Christianity is a religion of the spirit,—a religion of faith, as the Apostle Paul would have said. That is, its essential nature resides in unseen and spiritual attributes; on the persistence of spiritual forces depends its identity from age to age; the inner attitude of the soul is the sphere of its true life. Neither letter nor form, but spirit, is the characteristic mark of Christianity. If this is true, it follows that the life of Christianity necessarily implies the continually new expression of the Christian spirit amid the ever-changing phases of human thought and life. And historical conditions will govern not only the outward forms and modes of Christian life, but also, at least in its concrete formulation, the thought of Christians about religion. The changes that have taken place in Christian thought and doctrine may well be no indication of any weakness or imperfection in Christianity. They are, in fact, rather the manifestation of its excellence, the proof that it is indeed the supreme religion, capable of bringing in the kingdom of God.
Some have tried, by a process of successive eliminations, to discard the Jewish, the Greek, the pagan, the Teutonic influences which from time to time have affected Christianity, as if by such expurgations they could isolate essential Christianity from its accidents, and separate the kernel from the husk. But if Christianity is a religion of the spirit expressing itself under historical conditions, its expression in any period of history will be made through the ideas, true and false, through the modes of life, crude or refined, through the existing beliefs, philosophies, laws, customs, and even superstitions of the time. Many philosophies which we deem false, many rites which we find degrading, have been the well-justified means of expressing the religion of the spirit for men who held those philosophies and to whom those rites were dear. Those things are to be called foreign influences upon a pure Christianity only in the same sense in which that would be true of the inadequate science, clumsy philosophy, and sorry philistinism of custom which in our own day do duty, as the best we have, for civilization.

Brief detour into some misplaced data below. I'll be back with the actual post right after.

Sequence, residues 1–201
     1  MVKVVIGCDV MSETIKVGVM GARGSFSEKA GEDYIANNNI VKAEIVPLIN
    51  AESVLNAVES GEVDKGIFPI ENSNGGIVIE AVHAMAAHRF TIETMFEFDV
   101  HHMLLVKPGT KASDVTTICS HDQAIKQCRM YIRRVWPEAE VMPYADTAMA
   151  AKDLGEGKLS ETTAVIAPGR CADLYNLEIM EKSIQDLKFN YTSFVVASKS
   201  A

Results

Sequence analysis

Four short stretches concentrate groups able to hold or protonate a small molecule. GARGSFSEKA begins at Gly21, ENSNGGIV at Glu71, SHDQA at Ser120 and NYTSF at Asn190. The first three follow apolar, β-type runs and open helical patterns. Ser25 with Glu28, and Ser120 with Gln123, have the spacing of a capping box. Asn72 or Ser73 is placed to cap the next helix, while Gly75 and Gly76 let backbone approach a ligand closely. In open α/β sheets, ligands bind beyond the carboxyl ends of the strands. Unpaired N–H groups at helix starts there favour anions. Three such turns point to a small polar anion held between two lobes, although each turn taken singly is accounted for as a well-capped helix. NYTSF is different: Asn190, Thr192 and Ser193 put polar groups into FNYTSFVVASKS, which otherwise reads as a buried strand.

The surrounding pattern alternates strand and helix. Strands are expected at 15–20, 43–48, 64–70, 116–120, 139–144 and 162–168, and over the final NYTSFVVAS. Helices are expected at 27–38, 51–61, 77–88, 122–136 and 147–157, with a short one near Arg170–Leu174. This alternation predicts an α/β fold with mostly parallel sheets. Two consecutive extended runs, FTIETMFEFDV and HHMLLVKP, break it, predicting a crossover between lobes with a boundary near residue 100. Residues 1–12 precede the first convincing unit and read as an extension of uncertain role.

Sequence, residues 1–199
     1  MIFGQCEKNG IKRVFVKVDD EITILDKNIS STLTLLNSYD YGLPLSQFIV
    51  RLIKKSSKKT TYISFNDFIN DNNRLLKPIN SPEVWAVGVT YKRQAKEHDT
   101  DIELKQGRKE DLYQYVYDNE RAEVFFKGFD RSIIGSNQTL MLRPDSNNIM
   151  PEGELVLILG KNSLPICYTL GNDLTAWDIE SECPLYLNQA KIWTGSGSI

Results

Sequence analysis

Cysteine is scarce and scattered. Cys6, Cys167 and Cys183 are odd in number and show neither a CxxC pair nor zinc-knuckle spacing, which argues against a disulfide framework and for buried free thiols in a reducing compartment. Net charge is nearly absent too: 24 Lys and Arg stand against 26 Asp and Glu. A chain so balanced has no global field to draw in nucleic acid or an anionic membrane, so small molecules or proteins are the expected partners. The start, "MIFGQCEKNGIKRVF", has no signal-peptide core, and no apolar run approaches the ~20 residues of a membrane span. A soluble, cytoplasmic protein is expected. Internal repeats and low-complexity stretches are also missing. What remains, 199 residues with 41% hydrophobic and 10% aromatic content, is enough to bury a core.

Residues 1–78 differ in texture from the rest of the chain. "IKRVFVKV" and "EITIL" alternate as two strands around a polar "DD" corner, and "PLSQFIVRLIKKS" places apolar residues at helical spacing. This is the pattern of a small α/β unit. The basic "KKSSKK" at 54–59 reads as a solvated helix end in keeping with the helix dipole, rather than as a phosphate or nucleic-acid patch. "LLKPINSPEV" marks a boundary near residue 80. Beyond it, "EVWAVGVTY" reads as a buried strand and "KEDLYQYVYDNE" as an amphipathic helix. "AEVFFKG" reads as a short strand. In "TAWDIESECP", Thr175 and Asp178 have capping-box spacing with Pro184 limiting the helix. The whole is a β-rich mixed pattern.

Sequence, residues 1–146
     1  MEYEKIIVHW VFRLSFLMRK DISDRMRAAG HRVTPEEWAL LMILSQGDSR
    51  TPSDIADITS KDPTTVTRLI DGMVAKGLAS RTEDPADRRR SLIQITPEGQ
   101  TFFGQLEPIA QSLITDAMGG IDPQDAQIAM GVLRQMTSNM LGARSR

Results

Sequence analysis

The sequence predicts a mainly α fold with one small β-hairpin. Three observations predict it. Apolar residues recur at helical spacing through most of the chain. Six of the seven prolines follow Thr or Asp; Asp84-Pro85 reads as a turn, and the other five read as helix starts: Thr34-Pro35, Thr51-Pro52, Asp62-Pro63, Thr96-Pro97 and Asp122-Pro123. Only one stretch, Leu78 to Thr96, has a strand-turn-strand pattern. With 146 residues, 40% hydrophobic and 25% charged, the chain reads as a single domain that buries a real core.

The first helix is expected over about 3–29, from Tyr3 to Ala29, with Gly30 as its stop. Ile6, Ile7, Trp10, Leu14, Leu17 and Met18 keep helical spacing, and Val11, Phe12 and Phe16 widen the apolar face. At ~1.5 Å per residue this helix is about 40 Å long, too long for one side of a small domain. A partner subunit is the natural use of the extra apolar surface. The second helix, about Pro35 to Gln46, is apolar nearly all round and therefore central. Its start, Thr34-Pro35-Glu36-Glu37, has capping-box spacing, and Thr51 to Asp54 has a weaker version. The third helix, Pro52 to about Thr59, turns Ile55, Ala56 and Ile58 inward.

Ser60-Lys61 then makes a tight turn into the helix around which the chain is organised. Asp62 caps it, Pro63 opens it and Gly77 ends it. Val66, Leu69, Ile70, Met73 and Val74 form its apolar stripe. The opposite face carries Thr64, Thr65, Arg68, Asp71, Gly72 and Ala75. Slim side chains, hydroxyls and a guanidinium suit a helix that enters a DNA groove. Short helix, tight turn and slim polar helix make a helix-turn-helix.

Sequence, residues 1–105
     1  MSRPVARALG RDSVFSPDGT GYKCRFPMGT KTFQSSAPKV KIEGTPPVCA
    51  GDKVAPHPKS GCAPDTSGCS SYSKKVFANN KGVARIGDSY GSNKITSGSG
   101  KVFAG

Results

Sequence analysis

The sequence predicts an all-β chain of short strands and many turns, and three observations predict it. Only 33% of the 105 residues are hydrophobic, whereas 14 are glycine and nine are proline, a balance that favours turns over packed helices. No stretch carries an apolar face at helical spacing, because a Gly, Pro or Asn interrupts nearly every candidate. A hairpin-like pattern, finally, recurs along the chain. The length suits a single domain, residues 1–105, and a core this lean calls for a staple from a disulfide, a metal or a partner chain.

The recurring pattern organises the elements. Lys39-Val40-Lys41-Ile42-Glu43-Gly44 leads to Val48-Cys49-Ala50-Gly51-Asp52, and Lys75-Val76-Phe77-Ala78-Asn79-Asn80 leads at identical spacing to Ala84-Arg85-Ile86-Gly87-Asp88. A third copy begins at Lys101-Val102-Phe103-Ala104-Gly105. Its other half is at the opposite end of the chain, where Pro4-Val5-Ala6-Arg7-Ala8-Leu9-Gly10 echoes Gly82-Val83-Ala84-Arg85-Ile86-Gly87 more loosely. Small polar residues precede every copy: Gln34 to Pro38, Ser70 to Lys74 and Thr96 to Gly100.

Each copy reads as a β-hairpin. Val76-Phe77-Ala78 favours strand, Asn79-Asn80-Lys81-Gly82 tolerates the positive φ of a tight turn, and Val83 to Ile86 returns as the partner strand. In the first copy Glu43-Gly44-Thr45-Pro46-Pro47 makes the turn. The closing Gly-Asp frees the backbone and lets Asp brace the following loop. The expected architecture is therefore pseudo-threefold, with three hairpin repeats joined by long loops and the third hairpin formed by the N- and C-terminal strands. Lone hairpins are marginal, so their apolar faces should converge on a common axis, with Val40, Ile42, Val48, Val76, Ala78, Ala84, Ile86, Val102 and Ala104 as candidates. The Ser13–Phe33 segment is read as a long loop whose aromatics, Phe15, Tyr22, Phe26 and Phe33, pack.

If it be asked, wherein, then, lies the assurance that our Christianity is properly called Christian, what force binds together these shifting phases of life and thought, and entitles us to speak of them as belonging to one religion, a personal conviction is the only answer that can be given,—namely, that the identity of the Christian religion through the ages depends on the New Testament, and in particular on the presentation of Jesus Christ found in the gospels and on the persistent spiritual power of his person.
From the general point of view thus outlined the question of the miracles of the New Testament, like every other historical topic connected with the Christian religion, must be considered.